Table of Contents
Forced Labor or Trafficking in Persons cited by U.S. Government
Child Labor cited by U.S. Government
Risk of Forced Labor or Trafficking in Persons cited by other source
Risk of Child Labor cited by other source
Documented presence of migrant workers
Documented presence of other vulnerable workers
Documented presence or significant likelihood of third-party labor recruiters
Large numbers of dispersed, unorganized, or informal small producers or other worksites
Multiple points of aggregation, co-mingling, and/or transformation across supply chain
Complex/opaque supply chains and/or lack of vertical integration
High degree of flexibility in procurement practices of downstream entities
Scale or nature of risk is strongly associated with certain types of suppliers/entities
Scale or nature of risk is present across multiple tiers or nodes of supply chain (including in associated downstream or upstream goods)
Scale or nature of risk varies significantly based on geographic area of production
The textile supply chain is heavily fragmented; multiple globally dispersed production nodes may contribute to the full value chain of a finished good.19“Sustainability and Circularity in the Global Textile Value Chain: Global Stocktaking.” United Nations Environment Programme, 2020, wedocs.unep.org/handle/20.500.11822/34184/. Many streams of fiber production––including cotton cultivation or the creation of synthetic fibers like polyester––funnel into fiber preparation processes, such as spinning and weaving. In turn, many types of finished fiber materials are used in textile production. Textile production often involves large global retailers subcontracting labor to independent, small-scale manufacturers in order to meet production targets on finished garments.20Zoltkowski, Ania. “What on Earth is a Clothing Supply Chain?” Good on You, 22 Jan. 2022, goodonyou.eco/what-is-a-clothing-supply-chain/. The textile production process itself may contain multiple layers of subcontracting relationships between manufacturers.21Van Klaveren, Maarten, and Kea Tijdens. “Mapping the Global Garment Supply Chain.” WageIndicator.org, Aug 2018, wageindicator.org/documents/publicationslist/publications-2018/2018-garment-wageindicator.pdf. Labor risks have been noted across all nodes of textile production.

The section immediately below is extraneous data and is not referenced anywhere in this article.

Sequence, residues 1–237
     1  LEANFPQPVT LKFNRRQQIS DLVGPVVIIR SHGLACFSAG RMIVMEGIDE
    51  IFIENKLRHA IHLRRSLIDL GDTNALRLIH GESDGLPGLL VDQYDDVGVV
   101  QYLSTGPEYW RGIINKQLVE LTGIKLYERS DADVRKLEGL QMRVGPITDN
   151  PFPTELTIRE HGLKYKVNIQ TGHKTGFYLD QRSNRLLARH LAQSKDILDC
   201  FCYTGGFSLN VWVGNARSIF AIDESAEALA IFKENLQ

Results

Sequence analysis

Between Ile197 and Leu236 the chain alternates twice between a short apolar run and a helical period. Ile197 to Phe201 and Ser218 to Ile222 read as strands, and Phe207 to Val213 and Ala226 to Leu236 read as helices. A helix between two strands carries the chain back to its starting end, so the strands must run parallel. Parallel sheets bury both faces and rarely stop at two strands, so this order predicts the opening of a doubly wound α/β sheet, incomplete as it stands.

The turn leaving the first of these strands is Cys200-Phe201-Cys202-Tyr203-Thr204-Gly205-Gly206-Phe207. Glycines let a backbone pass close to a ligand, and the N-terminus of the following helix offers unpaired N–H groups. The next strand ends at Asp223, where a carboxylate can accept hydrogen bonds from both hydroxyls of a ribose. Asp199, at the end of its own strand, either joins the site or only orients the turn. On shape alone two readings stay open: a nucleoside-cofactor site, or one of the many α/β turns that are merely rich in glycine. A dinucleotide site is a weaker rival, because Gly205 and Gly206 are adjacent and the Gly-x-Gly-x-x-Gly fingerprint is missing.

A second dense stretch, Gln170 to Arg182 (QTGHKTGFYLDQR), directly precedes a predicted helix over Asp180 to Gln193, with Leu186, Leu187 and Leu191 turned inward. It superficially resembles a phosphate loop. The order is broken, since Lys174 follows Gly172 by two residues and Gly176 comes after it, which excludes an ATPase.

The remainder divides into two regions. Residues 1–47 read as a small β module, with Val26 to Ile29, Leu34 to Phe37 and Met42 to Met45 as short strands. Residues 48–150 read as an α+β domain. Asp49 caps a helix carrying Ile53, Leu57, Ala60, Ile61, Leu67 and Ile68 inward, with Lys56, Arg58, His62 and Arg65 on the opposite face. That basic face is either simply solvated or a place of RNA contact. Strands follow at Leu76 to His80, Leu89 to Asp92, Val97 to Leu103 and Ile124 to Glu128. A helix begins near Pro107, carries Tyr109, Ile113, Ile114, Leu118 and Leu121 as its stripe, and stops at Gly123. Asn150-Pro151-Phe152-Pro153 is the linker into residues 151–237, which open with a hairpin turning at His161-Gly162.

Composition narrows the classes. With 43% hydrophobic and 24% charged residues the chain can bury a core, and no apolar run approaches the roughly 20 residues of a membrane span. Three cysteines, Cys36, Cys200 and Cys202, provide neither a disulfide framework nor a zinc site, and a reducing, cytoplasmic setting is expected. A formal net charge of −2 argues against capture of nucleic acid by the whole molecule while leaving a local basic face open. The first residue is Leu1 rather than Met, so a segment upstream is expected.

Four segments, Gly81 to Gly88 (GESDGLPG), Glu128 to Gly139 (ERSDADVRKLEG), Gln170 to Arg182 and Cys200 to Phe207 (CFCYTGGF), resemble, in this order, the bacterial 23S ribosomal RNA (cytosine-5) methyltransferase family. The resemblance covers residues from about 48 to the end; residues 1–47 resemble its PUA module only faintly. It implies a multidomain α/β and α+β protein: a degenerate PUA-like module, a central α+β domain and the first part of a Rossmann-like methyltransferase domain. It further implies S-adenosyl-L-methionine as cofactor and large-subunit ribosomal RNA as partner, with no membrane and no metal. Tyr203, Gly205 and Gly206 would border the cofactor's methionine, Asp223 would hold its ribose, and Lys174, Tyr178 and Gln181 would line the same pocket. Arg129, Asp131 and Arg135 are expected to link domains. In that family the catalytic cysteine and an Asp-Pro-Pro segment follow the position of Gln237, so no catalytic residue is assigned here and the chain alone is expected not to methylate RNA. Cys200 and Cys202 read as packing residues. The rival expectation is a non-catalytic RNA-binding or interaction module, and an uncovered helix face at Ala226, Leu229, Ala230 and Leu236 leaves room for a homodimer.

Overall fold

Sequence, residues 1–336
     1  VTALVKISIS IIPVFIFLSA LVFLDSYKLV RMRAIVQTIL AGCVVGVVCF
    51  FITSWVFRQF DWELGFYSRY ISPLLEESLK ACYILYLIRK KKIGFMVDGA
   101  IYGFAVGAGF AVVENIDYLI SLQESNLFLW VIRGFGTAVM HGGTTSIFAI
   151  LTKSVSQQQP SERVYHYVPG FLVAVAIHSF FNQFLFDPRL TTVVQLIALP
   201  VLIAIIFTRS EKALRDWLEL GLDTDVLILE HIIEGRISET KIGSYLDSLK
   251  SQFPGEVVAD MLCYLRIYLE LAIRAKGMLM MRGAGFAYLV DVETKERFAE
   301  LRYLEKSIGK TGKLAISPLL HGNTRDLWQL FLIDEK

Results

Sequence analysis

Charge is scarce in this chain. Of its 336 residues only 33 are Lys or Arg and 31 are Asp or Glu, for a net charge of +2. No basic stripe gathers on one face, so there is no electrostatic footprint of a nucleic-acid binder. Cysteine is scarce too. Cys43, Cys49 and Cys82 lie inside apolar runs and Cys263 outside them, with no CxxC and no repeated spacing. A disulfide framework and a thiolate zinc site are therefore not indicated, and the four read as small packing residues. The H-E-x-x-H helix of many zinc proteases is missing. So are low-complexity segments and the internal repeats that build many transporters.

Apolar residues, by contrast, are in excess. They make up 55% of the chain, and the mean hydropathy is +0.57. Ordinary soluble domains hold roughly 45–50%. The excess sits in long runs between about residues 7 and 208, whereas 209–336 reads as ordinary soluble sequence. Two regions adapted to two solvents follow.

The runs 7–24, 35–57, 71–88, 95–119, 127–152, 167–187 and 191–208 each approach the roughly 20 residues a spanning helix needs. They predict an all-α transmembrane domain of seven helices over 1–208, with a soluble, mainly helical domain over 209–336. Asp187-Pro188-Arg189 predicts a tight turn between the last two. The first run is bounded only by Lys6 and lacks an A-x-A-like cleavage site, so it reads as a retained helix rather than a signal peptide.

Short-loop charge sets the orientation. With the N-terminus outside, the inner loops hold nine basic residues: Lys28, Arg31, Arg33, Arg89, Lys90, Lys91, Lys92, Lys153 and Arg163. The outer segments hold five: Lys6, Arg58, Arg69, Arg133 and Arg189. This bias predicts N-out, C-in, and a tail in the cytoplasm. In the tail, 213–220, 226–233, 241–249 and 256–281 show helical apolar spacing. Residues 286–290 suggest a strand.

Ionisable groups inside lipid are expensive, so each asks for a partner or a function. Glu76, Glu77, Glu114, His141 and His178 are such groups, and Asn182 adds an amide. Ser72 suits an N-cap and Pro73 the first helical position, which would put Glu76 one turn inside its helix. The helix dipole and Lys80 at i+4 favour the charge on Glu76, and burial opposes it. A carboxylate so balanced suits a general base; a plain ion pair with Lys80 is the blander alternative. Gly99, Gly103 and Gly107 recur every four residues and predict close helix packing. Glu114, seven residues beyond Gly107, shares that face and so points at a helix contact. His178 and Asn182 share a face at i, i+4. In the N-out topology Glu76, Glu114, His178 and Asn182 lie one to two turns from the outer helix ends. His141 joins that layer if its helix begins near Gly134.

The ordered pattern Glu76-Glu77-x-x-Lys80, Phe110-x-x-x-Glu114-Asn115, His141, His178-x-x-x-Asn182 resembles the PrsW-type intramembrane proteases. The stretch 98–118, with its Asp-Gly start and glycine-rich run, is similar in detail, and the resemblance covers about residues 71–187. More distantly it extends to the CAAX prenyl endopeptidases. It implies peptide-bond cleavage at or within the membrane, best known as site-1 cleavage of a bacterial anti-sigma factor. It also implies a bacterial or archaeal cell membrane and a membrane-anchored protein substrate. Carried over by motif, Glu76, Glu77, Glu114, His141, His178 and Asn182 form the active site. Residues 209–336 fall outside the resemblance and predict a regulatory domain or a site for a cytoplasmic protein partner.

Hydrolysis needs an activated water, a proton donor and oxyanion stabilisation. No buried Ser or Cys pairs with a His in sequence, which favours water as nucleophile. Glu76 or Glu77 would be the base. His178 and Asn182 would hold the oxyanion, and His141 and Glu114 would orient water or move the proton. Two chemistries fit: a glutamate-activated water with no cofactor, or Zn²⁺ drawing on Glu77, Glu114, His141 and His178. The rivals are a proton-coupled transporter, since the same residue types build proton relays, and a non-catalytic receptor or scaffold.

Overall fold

Fiber production (including cultivation and synthetic manufacturing)
Fiber preparation and processing (including ginning and spinning)
Textile production (weaving, knitting, bonding, dyeing, and finishing)
Sale and distribution
Cotton, is one of the most widely utilized types of natural fiber. The cultivation and harvest of cotton have been associated with risk of forced and child labor.
Textiles can also be used for technical or industrial purposes, such as protective clothing or chemical resistant linings, PPE, conveyor belts, ropes, nets, vests, bags, tents, and other uses.
Textiles are used in the production of towels, linens, curtains, carpets, and other decorative household items. These items are also used extensively in the Hospitality Sector.